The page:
Wicked Witch: And you, my dear, what an 1) unexpected pleasure. It’s so kind of you to visit me in my loneliness. Dorothy: What are you gonna do with my dog? Give him back to me. Wicked Witch: All in good time, my little pretty. All in good time. Dorothy: Oh, please 2) give me back my dog. Wicked Witch: Certainly, certainly, when you give me those slippers. Dorothy: But the Good Witch of the North told me not to. Wicked Witch: Very well. [To her winged-monkey captain] Throw that basket in the river and 3) drown him. Dorothy: No, no! Here, you can have your old slippers, but give me back Toto! Wicked Witch: That’s a good little girl. I knew you’d 4) see reason. [The Wicked Witch is electrocuted when she tries to take the slippers] Dorothy: Oh, I’m sorry! I didn’t do it! Can I still have my dog? Wicked Witch: No! Fool that I am. I should’ve remembered. Those slippers will never come off, as long as you’re 5) alive. But that’s not what’s worrying me. It’s how to do it. These things must be done delicately, or you hurt the spell. [Toto leaps out from the basket and runs out the door] Dorothy: Run, Toto, run! Wicked Witch: Catch him, you fool! [Toto escapes] Dorothy: He 6) got away! He got away! Wicked Witch: Ooh, which is more than you will. Drat you and your dog! You’ve been more GLOSSARY legendary adj trouble to me than you’re if someone or something is worth, one way or another, “legendary”, they are very famous and lots of stories are told about but it’ll soon be over now. them adj Do you see that? [She holds willing they agree to do it up a large hourglass timer.] a spell n an object or power that one uses to That’s how much longer cause evil events drat exp inform you've got to be alive. And used for emphasis to show it isn’t long, my pretty. It isn’t annoyance trouble n problems or difficulties long. I can’t wait forever to an hourglass n get those shoes. a device used to measure an hour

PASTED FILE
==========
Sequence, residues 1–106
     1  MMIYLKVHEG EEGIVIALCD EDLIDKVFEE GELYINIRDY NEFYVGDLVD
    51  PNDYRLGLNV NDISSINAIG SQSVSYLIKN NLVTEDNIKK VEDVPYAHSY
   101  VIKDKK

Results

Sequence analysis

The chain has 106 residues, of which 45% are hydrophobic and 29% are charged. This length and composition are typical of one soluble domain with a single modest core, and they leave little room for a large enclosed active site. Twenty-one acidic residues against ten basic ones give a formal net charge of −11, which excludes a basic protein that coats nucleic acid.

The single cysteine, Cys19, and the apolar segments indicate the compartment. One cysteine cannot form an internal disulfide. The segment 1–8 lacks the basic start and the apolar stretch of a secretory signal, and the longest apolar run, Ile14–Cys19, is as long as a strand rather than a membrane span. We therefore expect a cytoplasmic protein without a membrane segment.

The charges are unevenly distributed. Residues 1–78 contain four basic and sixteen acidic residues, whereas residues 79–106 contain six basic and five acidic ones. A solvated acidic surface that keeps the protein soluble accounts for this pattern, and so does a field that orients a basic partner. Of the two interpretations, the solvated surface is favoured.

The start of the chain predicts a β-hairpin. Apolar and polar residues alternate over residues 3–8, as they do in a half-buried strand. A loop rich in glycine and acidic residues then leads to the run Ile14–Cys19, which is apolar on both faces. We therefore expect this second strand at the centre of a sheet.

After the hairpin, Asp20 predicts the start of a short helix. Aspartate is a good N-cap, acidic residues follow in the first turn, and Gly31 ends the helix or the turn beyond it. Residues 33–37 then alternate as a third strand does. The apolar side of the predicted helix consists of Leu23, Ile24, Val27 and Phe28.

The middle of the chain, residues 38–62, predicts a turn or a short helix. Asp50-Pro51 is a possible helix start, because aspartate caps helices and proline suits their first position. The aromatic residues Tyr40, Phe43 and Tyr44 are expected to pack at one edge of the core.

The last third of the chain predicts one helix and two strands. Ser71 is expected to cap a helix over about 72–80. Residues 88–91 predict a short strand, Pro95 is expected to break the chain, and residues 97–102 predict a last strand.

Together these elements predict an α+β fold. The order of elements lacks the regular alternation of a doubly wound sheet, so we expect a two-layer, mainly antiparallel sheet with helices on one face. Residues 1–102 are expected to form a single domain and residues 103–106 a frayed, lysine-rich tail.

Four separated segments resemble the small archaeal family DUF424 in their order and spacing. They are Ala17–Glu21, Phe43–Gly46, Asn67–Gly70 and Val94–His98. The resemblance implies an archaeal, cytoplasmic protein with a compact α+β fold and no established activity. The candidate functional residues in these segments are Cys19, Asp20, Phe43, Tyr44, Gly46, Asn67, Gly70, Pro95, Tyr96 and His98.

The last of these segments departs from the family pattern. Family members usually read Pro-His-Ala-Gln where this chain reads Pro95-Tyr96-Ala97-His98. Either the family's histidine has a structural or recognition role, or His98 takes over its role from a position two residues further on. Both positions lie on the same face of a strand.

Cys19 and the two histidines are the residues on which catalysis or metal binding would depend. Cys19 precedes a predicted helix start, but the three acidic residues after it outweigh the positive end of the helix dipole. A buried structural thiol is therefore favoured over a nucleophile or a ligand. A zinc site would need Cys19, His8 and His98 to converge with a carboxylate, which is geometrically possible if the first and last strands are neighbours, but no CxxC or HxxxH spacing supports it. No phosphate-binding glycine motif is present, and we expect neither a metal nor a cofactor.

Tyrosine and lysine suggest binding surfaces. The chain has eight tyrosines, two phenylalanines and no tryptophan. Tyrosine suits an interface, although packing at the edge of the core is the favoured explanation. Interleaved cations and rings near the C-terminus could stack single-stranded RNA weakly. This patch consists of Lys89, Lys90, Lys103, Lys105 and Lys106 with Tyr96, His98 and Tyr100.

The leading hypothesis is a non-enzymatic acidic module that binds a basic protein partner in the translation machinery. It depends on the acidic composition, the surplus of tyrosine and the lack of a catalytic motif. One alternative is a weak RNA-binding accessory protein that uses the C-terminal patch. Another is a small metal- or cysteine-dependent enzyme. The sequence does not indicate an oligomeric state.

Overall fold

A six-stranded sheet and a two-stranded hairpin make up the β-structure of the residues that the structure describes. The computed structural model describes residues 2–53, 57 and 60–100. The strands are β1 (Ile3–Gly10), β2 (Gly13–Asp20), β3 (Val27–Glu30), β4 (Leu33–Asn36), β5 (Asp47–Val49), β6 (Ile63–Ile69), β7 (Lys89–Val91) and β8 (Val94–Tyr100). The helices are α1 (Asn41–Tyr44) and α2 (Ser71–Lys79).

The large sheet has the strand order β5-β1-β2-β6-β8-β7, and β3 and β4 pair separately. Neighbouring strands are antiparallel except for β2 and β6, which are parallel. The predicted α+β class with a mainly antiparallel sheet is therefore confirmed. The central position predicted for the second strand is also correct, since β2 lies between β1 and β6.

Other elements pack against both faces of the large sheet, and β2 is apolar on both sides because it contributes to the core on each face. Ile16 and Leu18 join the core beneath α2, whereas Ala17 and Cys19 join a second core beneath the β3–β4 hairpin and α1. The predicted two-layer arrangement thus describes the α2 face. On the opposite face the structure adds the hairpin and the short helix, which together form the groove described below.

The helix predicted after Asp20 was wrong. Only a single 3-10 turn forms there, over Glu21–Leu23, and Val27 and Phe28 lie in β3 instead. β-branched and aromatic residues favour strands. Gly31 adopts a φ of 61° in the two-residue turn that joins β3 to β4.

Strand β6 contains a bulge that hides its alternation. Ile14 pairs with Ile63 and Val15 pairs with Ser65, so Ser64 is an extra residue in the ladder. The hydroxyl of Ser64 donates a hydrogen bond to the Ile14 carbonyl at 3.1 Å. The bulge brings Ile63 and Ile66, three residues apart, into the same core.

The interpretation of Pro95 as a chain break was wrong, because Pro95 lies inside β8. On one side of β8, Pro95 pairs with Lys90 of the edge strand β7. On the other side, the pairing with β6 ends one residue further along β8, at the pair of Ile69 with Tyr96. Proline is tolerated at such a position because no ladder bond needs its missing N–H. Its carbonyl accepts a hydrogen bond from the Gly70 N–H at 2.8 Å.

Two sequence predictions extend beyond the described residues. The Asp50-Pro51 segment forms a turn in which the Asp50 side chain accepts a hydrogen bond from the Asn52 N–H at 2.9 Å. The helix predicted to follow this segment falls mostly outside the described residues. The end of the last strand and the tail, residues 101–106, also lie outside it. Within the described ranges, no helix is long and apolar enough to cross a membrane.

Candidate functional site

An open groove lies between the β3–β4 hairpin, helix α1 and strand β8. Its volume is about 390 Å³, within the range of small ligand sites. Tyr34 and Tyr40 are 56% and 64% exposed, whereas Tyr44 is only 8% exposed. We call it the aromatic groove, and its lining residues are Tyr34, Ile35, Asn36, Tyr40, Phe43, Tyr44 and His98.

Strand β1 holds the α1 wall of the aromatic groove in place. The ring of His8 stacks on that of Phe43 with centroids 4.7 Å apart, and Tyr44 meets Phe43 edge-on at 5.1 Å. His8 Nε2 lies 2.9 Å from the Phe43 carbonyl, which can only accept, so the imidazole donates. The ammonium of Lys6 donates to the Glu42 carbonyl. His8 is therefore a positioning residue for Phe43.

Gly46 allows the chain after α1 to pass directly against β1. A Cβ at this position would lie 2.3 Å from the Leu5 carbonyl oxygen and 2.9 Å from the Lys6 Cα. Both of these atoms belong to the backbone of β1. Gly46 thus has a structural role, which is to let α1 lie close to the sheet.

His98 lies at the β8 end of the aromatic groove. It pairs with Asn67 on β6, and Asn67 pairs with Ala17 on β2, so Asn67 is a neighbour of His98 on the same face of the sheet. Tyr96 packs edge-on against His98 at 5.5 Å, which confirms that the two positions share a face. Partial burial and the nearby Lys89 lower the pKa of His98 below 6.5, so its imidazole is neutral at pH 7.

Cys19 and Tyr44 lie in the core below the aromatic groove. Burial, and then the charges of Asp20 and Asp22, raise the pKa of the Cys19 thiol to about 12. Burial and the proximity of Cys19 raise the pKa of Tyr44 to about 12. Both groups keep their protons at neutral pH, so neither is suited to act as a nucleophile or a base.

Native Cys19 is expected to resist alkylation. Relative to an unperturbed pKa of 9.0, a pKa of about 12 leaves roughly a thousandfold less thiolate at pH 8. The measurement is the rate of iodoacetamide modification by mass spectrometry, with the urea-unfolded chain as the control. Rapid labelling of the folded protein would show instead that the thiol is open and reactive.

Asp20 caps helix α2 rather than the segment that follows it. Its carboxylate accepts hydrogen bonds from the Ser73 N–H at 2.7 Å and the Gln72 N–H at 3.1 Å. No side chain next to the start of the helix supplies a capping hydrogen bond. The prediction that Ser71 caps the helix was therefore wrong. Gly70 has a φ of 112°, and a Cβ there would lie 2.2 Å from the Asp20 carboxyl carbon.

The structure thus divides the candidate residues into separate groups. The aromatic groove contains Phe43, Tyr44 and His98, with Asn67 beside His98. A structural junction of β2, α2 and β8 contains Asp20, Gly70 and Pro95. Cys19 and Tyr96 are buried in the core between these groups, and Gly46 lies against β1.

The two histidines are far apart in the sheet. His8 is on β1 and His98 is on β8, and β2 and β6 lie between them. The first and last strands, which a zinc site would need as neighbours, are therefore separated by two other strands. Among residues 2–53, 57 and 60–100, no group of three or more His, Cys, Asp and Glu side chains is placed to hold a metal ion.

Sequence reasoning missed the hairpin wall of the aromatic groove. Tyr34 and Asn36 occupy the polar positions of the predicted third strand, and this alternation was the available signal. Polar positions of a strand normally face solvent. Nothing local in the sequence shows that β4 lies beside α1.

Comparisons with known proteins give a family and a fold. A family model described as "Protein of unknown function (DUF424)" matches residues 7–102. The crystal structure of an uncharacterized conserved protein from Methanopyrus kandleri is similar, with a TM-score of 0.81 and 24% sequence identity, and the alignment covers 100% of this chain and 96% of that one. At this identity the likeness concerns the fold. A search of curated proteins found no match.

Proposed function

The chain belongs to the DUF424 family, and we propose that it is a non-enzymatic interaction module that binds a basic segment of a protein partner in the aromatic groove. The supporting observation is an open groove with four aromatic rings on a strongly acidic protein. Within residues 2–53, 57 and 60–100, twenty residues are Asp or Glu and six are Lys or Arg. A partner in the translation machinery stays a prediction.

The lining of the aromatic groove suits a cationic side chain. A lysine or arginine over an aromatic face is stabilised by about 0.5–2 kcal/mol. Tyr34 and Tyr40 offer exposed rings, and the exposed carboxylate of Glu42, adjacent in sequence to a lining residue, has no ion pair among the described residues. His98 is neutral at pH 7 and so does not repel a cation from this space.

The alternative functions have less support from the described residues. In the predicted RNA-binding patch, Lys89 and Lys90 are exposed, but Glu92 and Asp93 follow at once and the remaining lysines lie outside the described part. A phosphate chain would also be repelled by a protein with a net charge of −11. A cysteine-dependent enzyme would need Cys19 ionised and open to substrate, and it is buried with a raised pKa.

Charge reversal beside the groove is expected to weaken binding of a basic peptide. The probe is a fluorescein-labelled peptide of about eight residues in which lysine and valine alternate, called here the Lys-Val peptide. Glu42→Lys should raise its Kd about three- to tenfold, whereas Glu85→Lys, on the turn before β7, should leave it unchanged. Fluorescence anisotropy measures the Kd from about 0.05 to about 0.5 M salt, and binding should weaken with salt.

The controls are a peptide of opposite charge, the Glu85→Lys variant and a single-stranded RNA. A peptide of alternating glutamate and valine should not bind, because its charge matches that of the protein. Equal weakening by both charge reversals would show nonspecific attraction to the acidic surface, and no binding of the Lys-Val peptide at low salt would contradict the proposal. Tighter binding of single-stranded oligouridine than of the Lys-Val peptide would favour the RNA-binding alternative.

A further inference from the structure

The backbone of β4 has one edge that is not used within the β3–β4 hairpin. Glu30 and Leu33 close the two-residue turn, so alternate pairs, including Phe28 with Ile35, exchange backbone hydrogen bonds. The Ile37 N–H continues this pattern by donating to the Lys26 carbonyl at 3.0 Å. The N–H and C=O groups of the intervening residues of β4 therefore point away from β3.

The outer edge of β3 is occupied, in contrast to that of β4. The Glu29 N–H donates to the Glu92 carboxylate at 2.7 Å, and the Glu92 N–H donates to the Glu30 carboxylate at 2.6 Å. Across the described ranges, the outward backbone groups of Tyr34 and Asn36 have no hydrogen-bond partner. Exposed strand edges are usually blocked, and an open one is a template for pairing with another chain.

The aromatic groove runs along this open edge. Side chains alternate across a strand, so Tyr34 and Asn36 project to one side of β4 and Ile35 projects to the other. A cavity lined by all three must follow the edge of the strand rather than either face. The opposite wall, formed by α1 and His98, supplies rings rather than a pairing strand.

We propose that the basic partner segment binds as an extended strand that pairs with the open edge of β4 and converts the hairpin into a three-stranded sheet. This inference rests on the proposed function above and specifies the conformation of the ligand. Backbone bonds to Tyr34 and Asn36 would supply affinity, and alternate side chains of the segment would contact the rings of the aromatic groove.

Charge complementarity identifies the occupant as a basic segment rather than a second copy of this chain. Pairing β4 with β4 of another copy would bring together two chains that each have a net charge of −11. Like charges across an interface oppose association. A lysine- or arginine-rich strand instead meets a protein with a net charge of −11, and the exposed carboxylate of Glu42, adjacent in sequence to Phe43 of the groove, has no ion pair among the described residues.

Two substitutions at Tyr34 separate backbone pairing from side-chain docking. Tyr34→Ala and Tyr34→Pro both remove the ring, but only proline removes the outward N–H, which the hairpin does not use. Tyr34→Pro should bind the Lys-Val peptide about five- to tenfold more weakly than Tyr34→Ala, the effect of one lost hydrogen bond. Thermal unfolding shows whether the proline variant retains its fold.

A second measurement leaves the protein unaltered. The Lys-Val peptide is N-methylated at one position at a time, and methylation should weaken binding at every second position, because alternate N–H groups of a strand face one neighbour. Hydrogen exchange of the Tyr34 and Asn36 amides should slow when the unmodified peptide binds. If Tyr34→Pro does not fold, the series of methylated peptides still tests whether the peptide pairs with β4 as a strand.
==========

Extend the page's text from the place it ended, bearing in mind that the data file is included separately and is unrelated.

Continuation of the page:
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What the way you hold your drink says about you.